Wednesday, August 1, 2012
Review: Gunmetal Magic (Kate Daniels, #5.5)
Author: Ilona Andrews
Series: Kate Daniels, #5.5
Publication date: July 31st 2012
Mass market paperback, 326pages
Buy: The Book Depository
Gunmetal Magic in numbers:
Number of pages: 326
Number of hilarious sentences per page: Anywhere between 3 and 17
Number of characters I want to be best friends with: 5
Number of raw emotional moments: too many to count
It would appear that, at this point, the husband-and-wife writing team Ilona Andrews can do no wrong. There’s a reason why many people who don’t normally read urban fantasy adore their Kate Daniels series, and people who do read lots of urban fantasy usually single it out as their favorite.
This spin-off of sorts, Andrea’s book, had some pretty big expectations to live up to, but there was never any doubt that they’d succeed, and succeed they did. Fast-paced, emotional, filled with beloved characters and hordes of mythological creatures, Gunmetal Magic is, above all, fun. Mission accomplished, you guys.
Andrea Nash is a person tortured by her past in nightmares. She sleepwalks and wakes up in her closet clutching a knife, but then gets dressed and becomes this unflinching, self-assured heroine you can’t help but admire. Despite many similarities between her and Kate Daniels, the authors never allow you to forget whose eyes you’re seeing through.
They call people like Andrea beastkin, a taboo among the shapewhifters. Her mother was a werehyena and her father a hyenawere, an animal that turned into a human as opposed to the other way around. As a daughter of an animal that occasionally shifted into a mentally challenged human, she suffered abuse and torture that culminated with her being set on fire at the age of eleven. Even though she grew up to be strong and skilled, a knight of the Order of Merciful Aid, the fear and distrust toward her own kind never really left her. Gunmetal Magic explores Andrea’s journey from being completely and utterly broken to having a chance at happiness.
The amount of mythology included in these books is comparable only to Kevin Hearne’s Iron Druid Chronicles, but unlike Hearne, Ilona and Gordon never allow themselves to get pulled into a dry lecturing mode. Instead, they mix a massive amount of information with their signature sense of humor – they’ve developed this skill so perfectly, in fact, that you don’t even notice you’re learning something new between bouts of laughter and all the tear wiping.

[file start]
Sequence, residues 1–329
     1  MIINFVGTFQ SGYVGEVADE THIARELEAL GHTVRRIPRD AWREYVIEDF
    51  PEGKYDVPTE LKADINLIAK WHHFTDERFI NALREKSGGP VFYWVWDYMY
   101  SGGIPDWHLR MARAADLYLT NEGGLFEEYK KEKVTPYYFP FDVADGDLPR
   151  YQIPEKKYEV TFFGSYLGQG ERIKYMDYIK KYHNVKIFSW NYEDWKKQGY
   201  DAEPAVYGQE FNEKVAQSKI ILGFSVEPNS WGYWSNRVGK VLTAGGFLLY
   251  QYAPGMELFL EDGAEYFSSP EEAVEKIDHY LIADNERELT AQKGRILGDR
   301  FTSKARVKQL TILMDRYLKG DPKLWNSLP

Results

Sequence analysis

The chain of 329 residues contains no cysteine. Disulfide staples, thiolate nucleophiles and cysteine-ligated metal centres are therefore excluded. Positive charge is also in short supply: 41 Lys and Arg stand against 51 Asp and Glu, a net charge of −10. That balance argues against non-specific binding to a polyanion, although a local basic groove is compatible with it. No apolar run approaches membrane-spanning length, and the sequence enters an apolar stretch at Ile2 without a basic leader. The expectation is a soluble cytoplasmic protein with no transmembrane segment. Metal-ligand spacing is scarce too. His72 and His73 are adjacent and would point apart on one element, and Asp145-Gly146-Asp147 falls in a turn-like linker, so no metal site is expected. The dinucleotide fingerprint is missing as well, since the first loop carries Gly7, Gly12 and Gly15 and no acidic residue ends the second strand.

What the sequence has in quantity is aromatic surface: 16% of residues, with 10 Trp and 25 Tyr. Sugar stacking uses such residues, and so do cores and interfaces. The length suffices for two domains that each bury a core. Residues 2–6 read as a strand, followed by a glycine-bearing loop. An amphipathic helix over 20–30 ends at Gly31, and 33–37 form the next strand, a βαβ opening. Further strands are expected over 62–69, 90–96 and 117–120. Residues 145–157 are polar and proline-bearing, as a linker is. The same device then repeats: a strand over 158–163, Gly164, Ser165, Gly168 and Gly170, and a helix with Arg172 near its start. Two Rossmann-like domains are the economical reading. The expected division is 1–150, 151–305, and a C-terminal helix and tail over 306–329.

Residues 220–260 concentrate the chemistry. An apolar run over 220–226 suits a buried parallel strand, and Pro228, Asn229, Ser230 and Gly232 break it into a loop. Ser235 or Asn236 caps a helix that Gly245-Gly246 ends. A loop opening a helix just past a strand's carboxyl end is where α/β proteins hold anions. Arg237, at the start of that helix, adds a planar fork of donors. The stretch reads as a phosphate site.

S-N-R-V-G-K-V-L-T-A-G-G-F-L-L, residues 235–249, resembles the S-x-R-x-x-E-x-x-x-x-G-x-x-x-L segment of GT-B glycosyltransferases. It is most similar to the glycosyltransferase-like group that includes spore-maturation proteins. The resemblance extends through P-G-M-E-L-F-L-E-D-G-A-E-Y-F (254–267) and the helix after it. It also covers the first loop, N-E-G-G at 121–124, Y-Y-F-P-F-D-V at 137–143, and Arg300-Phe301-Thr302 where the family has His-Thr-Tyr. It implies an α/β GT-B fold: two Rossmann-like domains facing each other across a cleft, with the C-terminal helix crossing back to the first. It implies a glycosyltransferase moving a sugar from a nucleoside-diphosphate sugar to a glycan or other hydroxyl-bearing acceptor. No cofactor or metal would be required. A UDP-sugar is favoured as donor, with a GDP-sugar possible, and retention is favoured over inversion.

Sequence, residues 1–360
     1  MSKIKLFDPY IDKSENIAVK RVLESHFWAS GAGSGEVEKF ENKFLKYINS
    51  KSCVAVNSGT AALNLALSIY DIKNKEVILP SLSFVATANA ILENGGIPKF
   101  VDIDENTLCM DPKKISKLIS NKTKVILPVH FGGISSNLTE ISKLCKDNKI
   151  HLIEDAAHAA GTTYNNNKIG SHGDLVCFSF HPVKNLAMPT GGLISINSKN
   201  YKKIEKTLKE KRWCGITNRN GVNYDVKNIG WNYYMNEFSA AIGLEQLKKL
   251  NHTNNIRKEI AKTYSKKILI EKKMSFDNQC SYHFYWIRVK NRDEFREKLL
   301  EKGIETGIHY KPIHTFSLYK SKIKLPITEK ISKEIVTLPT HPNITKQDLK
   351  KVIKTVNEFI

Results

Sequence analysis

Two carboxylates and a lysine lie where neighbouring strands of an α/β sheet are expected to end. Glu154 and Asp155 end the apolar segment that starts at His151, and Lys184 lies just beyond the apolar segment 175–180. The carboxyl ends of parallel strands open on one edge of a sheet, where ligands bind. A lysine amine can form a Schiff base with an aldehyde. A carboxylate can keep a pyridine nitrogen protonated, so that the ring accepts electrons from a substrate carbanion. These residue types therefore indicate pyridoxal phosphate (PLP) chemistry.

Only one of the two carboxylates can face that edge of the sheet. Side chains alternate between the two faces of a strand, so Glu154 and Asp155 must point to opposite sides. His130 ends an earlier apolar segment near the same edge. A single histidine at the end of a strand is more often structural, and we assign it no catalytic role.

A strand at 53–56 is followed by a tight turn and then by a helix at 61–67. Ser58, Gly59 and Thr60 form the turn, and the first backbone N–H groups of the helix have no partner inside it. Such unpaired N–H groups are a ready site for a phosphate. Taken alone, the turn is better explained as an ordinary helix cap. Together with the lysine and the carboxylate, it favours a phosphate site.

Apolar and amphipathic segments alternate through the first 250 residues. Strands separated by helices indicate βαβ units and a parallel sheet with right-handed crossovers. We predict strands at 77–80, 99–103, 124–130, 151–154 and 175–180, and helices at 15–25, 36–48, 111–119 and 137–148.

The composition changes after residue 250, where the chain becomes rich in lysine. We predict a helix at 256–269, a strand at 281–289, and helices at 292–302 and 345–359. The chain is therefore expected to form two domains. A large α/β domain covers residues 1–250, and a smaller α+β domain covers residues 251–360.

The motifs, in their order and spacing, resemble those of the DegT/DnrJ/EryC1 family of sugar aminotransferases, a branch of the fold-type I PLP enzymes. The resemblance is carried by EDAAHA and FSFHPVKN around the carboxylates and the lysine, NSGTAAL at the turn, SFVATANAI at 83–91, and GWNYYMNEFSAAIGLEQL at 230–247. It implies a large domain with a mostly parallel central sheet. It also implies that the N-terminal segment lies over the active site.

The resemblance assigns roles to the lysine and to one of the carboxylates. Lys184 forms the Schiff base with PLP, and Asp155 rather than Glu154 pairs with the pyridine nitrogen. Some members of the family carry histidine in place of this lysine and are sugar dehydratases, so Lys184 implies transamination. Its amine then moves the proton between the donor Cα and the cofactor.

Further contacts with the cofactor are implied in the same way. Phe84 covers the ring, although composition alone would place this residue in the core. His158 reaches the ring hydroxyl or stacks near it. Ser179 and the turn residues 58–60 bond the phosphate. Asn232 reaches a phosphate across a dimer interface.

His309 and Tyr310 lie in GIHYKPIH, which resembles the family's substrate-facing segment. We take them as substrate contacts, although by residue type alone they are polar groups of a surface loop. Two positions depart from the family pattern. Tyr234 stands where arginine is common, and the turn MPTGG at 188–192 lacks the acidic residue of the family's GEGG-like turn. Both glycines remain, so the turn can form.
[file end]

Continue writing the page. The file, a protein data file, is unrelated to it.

Smut is the only thing these two don’t do well. It’s no secret that they don’t enjoy writing it – in fact, they’ve explained several times how uncomfortable they are with it. Their books focus on other things and they have different priorities. I actually tend to agree with them up to a point and this never bothered me one bit (you want smut, you read paranormal romance… with UF you get blood and guns), but I feel that it bears mentioning. I’m not saying that there aren’t any sex scenes in their books – there are – I’m just saying they lack heat some other authors accomplish with little to no effort. For some, like me, it’s a good thing, but the others should be warned.
I will say this just one more time because apparently, I haven’t been loud and annoying enough so far: my Kate Daniels books are full of post-it notes and I reread parts of them more often than I care to admit. It is my favorite urban fantasy series by far, and I’m someone who reads a lot of urban fantasy. If you’re still undecided about picking it up, I say go for it as soon as possible. Given the chance, Kate and Andrea will win your heart in an instant.
This book includes Magic Gifts, a hundred pages long Kate Daniels novella, first published in e-format as a Christmas gift to the fans. Yes, they are just that awesome.